Thursday, March 26, 2009
More about Letting go
I remember that a friend of mine said my problem is that I am a codependent. I still am not sure what that means, but I have read some on this. Sadly, my control obsessions prevent me from reading other opinions on this subject with an open mind. It is funny how many people write about this, and my personal frustration with the therapeutic/recovery community makes me perhaps more critical than I need to be.
So, am I a codependent? Well, I do not know. I do know that many folks ask me questions about my relations with others. The key question I found today is “Do you feel a need to compromise your values to avoid conflicts with someone else?” So.... that question brings me back to my conversation with TG over fifteen years ago. He felt I was too obsessed with other people's feelings. Looking at my latest reading, I am convinced I am getting better. One person who read tons of books on these things diagnosed me as a “codependent”, and worked to convince me what a problem it is in my life.
To my credit, I believe I am getting healthier. I have not tried to diagnose anyone's problems in quite a while. In fact, there is a degree to which I am feeling more peaceful by not analyzing other people's problems. But, I was feeling a little out of balance, so buying that book (Language of Letting Go) is helping me recoup my peace.
Whereas my neurologist has my permission to diagnose my neurological problems, I am sure not in a hurry to give myself some kind of name to my emotional issues. I am gaining a little peace from avoiding limiting names to things. When my friend told me that she thinks I am “very codependent”, I assured her I could stop it if that would make her feel better. I am not making fun of codependency as an idea. I am startled by the people who are struggling mto help others with this problem. I think there is something scary about people who are trying to find problems with others.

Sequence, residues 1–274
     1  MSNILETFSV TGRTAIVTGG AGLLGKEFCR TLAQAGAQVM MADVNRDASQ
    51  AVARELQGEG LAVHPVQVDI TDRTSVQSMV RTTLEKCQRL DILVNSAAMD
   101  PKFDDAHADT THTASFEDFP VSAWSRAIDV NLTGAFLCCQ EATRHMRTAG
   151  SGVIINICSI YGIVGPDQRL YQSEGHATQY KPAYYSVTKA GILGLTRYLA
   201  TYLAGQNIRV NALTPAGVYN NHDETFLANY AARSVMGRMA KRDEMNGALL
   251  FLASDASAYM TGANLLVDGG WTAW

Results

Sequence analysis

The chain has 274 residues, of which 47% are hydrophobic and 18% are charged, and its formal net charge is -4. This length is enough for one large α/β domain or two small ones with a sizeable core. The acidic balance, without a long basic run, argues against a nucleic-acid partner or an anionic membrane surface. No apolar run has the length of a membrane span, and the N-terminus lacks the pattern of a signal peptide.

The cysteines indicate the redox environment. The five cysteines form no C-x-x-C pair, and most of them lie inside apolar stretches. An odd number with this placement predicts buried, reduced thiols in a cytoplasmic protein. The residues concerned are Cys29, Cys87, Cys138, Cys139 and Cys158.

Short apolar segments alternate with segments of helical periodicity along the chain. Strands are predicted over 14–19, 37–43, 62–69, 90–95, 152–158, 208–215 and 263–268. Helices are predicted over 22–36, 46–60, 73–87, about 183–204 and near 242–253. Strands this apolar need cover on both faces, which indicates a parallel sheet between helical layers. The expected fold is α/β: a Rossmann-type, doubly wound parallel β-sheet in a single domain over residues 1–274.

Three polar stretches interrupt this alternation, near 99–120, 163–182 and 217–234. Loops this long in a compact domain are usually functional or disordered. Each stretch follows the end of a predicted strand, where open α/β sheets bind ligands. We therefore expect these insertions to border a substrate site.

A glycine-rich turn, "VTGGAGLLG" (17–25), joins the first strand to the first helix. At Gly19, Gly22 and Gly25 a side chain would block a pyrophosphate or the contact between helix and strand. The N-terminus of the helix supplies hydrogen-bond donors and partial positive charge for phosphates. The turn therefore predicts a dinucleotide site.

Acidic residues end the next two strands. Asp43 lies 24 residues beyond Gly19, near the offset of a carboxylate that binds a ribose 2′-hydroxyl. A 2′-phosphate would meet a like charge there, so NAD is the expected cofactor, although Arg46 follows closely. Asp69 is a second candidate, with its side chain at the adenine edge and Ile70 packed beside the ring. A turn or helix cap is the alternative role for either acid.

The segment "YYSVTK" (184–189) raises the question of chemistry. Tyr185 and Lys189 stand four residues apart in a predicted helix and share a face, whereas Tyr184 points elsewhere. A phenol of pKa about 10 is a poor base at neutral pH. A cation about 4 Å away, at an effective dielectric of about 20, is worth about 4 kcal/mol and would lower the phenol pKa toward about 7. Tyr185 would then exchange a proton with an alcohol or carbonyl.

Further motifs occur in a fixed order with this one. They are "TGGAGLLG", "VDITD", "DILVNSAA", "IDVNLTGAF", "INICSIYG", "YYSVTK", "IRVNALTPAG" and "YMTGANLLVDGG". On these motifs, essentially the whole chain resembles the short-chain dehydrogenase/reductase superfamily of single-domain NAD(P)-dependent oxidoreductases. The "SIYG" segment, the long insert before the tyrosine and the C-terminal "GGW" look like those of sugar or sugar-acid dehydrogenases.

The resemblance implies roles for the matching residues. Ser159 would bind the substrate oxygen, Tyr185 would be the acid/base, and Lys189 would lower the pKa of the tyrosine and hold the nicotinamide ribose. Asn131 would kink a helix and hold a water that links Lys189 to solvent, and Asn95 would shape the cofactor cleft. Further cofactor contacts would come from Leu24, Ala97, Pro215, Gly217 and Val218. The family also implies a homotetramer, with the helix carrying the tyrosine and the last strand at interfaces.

I will not get started with the ubiquitous question, “Are you sick?”, or “Are you coming down with a cold?” What can I accomplish by buying into the questioner's reality? Still, we are living in a time when a disturbing number of people are self-diagnosing with emotional problems, as if there is something useful in identifying with the labels of ADD, OCD, ADHD and today's label of discussion, codependency. I do not believe I gain any freedom from applying a label onto me that could actually cause me to acquire more symptoms than it will alleviate.
There is nothing cool about being obsessive-compulsive. People with attention deficit disorder have serious problems that go beyond being entertained by two things at one time or keeping a messy desk. Understanding this, I know that most of these diagnoses are serious problems that can only be rendered meaningless by my fighting to get a diagnosis I can call my own.
Since 1992, I have read many books and articles on alcoholism, codependency, mental health, attention deficit disorder, and obsessive-compulsive disorder. I loved exploring these worlds, loved working to glean something to help me feel more comfortable in my own skin. I noticed my life started getting better when I stopped reading all these books. Peace by peace, I learn what books help me, and now I am able to limit my time lost to gratuitous self-reflection.
This is why I am learning to write about things that do not deal so much with me.
Thank you for reading.